Thursday, October 17, 2013

It's here, it's here! AncestryDNA updates finally available!

In case you couldn't tell, I've been like a little kid anxiously awaiting the arrival of Christmas morning. I've been checking every day, even though I really thought I'd have to wait another couple of months to get my updated results. Then today I checked and, bam, there they were...Christmas morning had finally arrived! Ha ha. My poor daughter was in my lap as I looked it over. She may be traumatized for life from me squeezing her and repeating over and over again, "This is so cool. This is SO COOL!"

So what, exactly, is so cool? Okay, if you took an AncestryDNA test in the past, you had gotten results - mine, if you recall, were extremely surprising to me, a girl of English, Irish, German, and Danish descent - 88 percent Scandinavian, 11 percent Eastern European. Now, everyone has much more detailed results, particularly in regard to region and ethnicity - DNA results, as you probably know, link you more to a people and sometimes a region than too a particular country, since people tend to be migratory, and oftentimes these results reflect deep ancestry, as opposed to just a few generations back. Since the results just came online today and the site actually crashed for awhile, I haven't had a whole lot of time to digest and explore the new data, so I'm not entirely sure how these more detailed results came to be - whether or not the testing itself has become more accurate over the last year or so, whether or not the control population gene pool has become more numerous and more varied, or a combination of those two or other reasons. There are a video and written explanation on the website, but to be honest, I was so excited, I barely paid attention.

So, my new results actually reflect much more accurately what my own genealogical research has turned up - my top 4 results are Great Britain, Ireland, Scandinavia, and Western Europe. Now take for example my Great Britain results, which come in at 32 percent. That's the average of the 40 tests Ancestry did on random bits of my DNA sample, with a range of 1-59 percent for the 40 tests. The results tell me that Great Britain DNA is found in England, Scotland, and Wales, as well as Ireland, France, and Germany, due to migration. It then compares my results to those of a native of Great Britain, and gives you a run down of the history of the region. Okay, so of those 4 results I got, none was a surprise, though I was surprised that my largest percentage was Great Britain, since I'm half Irish and a third German, but I assume that at some point, some of my Great Britain DNA traveled over to Ireland (now I'm picturing a double helix strand sitting in a boat in the water...)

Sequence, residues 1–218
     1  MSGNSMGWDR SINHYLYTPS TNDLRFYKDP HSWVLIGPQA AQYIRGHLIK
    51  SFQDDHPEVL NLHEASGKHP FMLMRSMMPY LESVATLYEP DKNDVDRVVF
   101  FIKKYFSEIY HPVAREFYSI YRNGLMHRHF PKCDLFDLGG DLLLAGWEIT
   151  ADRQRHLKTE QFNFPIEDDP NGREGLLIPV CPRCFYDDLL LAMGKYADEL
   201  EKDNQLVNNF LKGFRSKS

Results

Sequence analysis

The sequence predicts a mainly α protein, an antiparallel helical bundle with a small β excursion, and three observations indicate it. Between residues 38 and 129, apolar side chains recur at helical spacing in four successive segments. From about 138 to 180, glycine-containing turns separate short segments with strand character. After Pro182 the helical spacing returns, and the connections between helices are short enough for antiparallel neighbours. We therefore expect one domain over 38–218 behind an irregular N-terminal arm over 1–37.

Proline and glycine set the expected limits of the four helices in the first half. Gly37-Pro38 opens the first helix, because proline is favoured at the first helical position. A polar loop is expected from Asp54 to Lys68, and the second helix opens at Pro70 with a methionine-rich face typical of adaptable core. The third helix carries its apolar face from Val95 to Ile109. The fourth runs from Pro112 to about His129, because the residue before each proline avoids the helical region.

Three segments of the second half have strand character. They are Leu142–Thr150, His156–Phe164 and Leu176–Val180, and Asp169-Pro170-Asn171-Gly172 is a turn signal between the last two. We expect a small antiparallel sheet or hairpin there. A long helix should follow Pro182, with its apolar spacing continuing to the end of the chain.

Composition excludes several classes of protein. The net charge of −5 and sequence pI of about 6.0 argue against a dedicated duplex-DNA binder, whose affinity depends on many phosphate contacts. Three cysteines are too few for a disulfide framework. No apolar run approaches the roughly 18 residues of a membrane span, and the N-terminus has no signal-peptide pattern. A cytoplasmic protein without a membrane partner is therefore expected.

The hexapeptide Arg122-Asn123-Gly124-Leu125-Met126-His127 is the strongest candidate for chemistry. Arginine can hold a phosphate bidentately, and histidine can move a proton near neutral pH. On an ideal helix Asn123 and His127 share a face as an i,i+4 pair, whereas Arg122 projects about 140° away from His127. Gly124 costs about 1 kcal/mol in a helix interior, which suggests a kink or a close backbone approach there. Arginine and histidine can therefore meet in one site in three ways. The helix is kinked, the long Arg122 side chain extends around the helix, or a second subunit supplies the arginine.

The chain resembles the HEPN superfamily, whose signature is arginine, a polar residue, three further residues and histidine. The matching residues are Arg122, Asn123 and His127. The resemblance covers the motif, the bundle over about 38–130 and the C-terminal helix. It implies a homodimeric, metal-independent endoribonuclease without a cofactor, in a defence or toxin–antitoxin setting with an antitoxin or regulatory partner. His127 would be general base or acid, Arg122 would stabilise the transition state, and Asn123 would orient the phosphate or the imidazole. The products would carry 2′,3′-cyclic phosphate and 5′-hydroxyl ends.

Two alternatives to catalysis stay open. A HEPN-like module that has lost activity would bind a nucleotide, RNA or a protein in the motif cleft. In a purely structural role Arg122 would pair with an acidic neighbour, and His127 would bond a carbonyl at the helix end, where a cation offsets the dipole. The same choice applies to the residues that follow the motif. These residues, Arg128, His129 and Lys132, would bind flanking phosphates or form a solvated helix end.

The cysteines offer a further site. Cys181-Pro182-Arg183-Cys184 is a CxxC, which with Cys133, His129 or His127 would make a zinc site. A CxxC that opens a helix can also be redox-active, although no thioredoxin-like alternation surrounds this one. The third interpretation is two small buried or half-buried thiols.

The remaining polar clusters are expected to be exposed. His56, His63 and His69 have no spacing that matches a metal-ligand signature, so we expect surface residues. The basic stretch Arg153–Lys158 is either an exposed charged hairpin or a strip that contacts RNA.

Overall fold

Now, for the exciting part - I actually have 10 percent trace regions - I think that means any DNA results that are less than 10 percent in and of themselves. There's only a trace amount there, but even though it's miniscule, it still counts. So, Eastern Europe again pops up. I can only assume that at some point, some of my ancestors from Eastern Germany were themselves descended from people who emigrated from Eastern Europe. And then two shockers - I am 3 percent Iberian Peninsula, which is primarily Spain and Portugal, and also found in France, Morocco, Algeria, and Italy. Since I am none of these, not even close, I never expected to see that result. I can only assume from THIS result that someone from that area somehow found his or her way to either Germany or the British Isles. Lastly, my results show 2 percent European Jewish, which is found primarily in Eastern Europe but could be basically from anywhere on the continent. I would assume that my results are Ashkenazi Jewish as opposed to Sephardic Jewish, due to my German ancestry, but as far as I have traced, I don't have any Jewish families in my tree, but apparently, somewhere down the line, one of my Christian ancestors had a child with a Jew. I assume somewhere in my German lines, but who knows.

Now, the European Jewish result was surprising, but at the same time, not, because when my dad took the mtDNA test a few years ago, tracing his maternal line (which is 100 percent German as far back as I can go), his haplogroup was K, and a line in the description always caught my eye, that this haplogroup is found at a notable rate among Ashkenazi Jews. So, there you go. That matches up.

So there you have it. Very cool, right? And since just because it doesn't show up genetically doesn't mean it's not there genealogically, and because every person inherits a different set of DNA meaning your sister's DNA could show only partially matching or even completely different results, it makes me want to get all my siblings and my dad a DNA test for Christmas, even though that's more a gift for myself than for them! :)

Have you taken the AncestryDNA test yet? Did you get any surprises in your new detailed results? Do your results support what you already know or suspect about your family tree?

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